The European Union and the U.S. on Tuesday urged Turkey to show restraint in its intensive air bombardment against Kurdish rebels, even as the insurgents killed two more Turkish soldiers and a guard.
Both the EU and the U.S. said Ankara had a right to defend itself against attacks staged by the Kurdistan Workers Party (PKK) in southeastern Turkey and northern Iraq. But the EU's enlargement commissioner, Johannes Hahn, said the Turkish response "must be proportionate, targeted and by no means endanger the democratic political dialog."
The U.S. State Department called on the PKK to "renounce violence and re-engage in talks" with Turkey, but also said Ankara should "respond proportionately" in its air campaign.
Turkish security sources said Kurdish rebels blew up a military vehicle Tuesday in southeastern Turkey, killing the soldiers and guard.
The blast happened near Arakoy in Sirnak province, where security officials said PKK members detonated a roadside bomb as the vehicle passed by.
FILE - Turkish soldiers in armored vehicles patrol in Sirnak province on the Turkish-Iraqi border, October 21, 2011.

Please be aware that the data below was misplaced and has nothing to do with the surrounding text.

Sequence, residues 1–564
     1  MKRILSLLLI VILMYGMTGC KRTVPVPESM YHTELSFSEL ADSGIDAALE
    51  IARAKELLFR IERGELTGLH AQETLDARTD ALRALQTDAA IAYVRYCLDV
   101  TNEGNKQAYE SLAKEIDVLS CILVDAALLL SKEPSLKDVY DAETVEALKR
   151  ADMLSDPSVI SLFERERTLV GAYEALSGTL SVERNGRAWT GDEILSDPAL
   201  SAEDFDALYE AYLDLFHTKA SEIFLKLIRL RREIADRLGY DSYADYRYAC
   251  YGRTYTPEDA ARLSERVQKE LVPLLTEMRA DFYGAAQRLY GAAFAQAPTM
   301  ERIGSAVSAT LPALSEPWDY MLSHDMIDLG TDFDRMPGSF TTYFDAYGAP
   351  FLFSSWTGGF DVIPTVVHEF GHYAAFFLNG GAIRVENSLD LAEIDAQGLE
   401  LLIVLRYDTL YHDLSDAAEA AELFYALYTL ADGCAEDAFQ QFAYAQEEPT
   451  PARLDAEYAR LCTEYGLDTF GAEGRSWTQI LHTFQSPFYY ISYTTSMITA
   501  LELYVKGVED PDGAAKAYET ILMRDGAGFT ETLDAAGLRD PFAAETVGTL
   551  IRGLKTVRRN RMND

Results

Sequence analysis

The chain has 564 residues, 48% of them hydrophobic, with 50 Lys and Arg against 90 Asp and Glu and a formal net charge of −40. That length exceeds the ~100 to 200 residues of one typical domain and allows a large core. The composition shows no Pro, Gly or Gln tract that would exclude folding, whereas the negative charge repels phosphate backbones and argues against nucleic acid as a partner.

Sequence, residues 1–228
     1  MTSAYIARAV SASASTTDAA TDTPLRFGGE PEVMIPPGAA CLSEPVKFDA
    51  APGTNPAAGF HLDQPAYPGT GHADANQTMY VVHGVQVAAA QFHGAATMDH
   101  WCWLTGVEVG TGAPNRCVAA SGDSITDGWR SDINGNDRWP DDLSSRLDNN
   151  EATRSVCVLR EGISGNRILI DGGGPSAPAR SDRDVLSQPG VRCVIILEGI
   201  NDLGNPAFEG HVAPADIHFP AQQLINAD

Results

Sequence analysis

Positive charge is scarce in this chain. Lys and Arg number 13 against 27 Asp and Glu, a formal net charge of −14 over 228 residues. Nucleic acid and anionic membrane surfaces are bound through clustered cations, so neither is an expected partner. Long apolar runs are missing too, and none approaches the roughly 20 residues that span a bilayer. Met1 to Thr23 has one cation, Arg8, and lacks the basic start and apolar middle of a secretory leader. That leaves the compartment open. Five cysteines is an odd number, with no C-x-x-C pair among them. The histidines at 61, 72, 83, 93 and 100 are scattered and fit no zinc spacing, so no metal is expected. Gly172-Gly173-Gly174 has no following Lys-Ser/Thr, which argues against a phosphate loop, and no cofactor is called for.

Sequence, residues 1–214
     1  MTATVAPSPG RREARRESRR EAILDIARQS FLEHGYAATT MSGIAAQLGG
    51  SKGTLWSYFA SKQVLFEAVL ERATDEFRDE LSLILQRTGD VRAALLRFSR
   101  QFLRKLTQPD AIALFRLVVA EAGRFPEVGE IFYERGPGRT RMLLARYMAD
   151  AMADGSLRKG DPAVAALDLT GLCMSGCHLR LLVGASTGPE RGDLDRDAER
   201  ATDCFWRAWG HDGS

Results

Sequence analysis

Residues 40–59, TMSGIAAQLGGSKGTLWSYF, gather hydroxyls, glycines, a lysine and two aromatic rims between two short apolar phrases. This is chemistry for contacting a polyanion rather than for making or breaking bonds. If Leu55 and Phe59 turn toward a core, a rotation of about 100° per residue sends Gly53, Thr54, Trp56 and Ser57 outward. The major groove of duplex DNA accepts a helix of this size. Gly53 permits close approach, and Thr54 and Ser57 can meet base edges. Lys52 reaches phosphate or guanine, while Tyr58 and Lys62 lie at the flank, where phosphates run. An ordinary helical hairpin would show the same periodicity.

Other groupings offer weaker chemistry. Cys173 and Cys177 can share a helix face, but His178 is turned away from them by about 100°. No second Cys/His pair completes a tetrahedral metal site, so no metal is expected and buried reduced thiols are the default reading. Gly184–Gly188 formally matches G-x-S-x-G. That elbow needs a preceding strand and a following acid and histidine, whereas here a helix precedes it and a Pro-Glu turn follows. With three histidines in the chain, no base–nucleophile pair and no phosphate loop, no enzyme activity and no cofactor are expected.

The attack is the latest in a wave of violence between the PKK and Turkish forces in the past few weeks. Since July 20, PKK attacks have killed at least 18 Turkish security force personnel, while Turkey says it has killed at least 260 PKK rebels.
FILE - Wreckage lies on the ground in front of a Turkish military station covered by a tarpaulin after a suicide attack on August 2, 2015 in east Turkey town Dogubeyazit in Agri Province.
Turkey has engaged in a nearly two-week campaign of airstrikes targeting the rebels both in Turkey and across the border in northern Iraq.
The president of Iraq's Kurdistan region, Massud Barzani, earlier this week urged the two sides to resume peace talks. He said the PKK should withdraw from Iraqi Kurdistan and criticized Turkey's airstrikes.
The PKK has been fighting Turkey since 1984 in a conflict that has left 40,000 people dead.